120-year-old beer found in ocean tastes ‘pretty good’

6th January, 2016 by Darren Smith

A bottle of beer thought to be at least 120 years old which was found by a scuba diver off the coast of Halifax, Canada, apparently tastes “pretty good” .

Beer brewer Chris Reynolds tasted the 120-year-old beer, which he said tasted of tree wood, cherry and rotten eggs' (Photo: Chris Reynolds)

Beer brewer Chris Reynolds tasted the 120-year-old beer, which he said tasted of tree wood, cherry and rotten eggs’ (Photo: Chris Reynolds)

Diver Jon Crouse was scuba diving in the Northwest Arm near Halifax in late November when he discovered the corked bottle of Alexander Keith brand beer, which was almost full, Canada’s CBC News reported.

The diver used markings on the bottom of the bottle to trace its origins to a company that imported bottles to Canada from England between 1872 and 1890.

The diver had reportedly planned to leave the bottle corked, but when a local brewer, Chris Reynolds, heard about the discovery, he asked Crouse to save the brew for testing. A scientist from the local Dalhousie University then volunteered to test the contents – which were confirmed to be beer.

On tasting the centenarian brew Reynolds found that it tasted of “tree fruit, cherry and rotten eggs”.

“We were all very giddy. There was a lot of energy in the lab – we were really excited,” Reynolds told CBC News.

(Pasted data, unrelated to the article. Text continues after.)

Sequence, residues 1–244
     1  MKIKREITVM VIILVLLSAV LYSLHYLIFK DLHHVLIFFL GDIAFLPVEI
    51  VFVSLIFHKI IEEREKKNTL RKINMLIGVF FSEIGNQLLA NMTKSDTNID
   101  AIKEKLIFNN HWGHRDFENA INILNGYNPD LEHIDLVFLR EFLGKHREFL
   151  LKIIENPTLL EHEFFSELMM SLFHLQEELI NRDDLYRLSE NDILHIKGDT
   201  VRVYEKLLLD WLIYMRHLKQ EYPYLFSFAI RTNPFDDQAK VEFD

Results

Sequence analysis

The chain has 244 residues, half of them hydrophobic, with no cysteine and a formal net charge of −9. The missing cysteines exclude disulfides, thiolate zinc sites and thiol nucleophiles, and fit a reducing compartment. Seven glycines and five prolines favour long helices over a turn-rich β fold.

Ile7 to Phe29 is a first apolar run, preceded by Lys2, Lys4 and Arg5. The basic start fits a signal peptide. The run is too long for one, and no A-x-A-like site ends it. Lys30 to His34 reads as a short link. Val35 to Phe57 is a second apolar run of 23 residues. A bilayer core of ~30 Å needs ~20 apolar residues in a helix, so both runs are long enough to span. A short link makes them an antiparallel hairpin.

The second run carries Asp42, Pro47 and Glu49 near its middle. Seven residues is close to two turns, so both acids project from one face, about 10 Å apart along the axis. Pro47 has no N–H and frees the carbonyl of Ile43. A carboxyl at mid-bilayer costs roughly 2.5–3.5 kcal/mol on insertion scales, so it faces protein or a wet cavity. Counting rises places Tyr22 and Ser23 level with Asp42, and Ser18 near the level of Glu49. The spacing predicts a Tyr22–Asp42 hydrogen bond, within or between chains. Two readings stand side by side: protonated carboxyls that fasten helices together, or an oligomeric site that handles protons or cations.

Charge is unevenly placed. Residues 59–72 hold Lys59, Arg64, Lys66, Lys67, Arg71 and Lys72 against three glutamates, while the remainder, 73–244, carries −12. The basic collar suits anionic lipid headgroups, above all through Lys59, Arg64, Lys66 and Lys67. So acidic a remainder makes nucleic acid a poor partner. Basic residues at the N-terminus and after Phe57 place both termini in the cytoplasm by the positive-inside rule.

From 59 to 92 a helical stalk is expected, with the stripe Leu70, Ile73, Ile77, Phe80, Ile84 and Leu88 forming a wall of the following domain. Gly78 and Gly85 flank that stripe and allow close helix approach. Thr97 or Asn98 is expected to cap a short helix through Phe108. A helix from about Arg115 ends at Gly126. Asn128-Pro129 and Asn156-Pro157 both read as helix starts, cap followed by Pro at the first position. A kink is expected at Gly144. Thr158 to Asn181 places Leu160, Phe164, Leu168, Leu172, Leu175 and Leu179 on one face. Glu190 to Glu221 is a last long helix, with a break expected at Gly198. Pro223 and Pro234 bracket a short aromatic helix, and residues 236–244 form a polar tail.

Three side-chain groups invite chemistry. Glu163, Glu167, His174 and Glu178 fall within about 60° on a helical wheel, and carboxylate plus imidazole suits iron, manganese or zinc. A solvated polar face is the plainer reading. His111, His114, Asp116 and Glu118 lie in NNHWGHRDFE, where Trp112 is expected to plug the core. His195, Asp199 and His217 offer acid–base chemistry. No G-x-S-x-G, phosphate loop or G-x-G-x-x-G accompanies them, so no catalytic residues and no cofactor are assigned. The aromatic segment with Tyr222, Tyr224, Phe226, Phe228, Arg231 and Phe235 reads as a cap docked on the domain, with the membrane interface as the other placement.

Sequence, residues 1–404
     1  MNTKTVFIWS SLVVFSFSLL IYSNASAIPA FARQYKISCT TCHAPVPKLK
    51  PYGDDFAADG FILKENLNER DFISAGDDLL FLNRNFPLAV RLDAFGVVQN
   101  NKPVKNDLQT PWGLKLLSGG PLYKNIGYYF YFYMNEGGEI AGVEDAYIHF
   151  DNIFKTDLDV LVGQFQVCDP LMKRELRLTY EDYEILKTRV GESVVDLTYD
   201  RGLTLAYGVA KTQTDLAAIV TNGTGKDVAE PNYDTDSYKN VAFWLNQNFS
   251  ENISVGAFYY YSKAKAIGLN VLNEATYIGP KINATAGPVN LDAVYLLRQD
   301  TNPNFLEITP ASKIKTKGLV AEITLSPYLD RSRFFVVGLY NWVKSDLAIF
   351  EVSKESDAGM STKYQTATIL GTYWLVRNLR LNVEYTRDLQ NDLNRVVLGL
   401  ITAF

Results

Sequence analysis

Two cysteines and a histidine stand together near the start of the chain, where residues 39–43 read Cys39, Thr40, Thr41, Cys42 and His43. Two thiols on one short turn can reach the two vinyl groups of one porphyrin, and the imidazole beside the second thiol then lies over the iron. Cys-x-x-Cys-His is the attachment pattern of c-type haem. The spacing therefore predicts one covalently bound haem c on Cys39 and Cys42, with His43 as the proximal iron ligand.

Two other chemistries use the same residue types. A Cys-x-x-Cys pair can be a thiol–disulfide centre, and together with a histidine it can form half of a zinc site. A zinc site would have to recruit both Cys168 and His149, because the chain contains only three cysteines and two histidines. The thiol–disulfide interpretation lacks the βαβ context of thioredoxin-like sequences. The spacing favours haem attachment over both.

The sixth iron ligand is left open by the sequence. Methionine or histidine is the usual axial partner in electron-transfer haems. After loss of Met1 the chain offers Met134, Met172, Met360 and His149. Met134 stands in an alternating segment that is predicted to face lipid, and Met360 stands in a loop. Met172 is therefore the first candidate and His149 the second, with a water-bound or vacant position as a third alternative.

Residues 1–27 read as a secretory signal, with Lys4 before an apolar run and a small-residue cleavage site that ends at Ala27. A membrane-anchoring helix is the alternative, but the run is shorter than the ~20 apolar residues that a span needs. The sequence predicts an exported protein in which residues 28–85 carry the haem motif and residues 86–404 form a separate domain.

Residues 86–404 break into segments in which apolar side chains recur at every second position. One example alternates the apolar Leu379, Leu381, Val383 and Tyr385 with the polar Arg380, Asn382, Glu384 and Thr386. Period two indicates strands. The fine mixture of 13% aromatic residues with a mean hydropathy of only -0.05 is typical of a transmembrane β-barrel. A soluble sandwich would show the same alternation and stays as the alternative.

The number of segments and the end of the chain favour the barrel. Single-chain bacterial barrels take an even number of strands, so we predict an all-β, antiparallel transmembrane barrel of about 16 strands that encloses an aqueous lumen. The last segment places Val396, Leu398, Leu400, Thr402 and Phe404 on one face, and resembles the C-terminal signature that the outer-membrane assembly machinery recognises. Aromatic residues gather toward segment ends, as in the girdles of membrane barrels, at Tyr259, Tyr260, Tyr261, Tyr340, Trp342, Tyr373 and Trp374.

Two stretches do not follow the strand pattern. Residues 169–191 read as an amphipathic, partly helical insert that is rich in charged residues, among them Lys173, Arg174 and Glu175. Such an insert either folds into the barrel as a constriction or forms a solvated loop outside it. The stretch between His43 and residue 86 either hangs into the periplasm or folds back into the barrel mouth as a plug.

“And then once we got to a stage where we were pretty sure there was a good amount of alcohol and a low enough pH that there wasn’t going to be anything in there that would necessarily kill us, we had a little toast.”

“It tasted, actually, just how it smelled, which I was surprised by,” he added. “We got like a little tree fruit note, a cherry note in there somehow – certainly a lot of sulphur, kind of rotten egg stuff going on.”

The testing at Dalhousie University was filmed by a film crew from the Discovery Channel’s Daily Planet and will feature in an upcoming episode of the television programme.

The cool, stable temperatures at the bottom of large bodies of water have been recognised for providing ideal conditions for the ageing of wines, and both beers and wines have extreme age have been recovered from seas and oceans and been found to taste perfectly palatable. Indeed some wineries have had clear success from deliberately ageing their wines under water.

In March last year the drinks business reported how a bottle of 170-year-old beer recovered from a shipwreck off the coast of Finland was sampled and found to taste “vinegary, goaty and of sour milk”.

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